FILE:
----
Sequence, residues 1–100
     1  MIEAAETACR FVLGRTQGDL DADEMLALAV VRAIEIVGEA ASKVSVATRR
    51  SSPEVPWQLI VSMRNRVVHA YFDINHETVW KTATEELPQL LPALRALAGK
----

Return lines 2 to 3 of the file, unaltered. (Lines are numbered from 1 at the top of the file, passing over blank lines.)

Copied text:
     1  MIEAAETACR FVLGRTQGDL DADEMLALAV VRAIEIVGEA ASKVSVATRR
    51  SSPEVPWQLI VSMRNRVVHA YFDINHETVW KTATEELPQL LPALRALAGK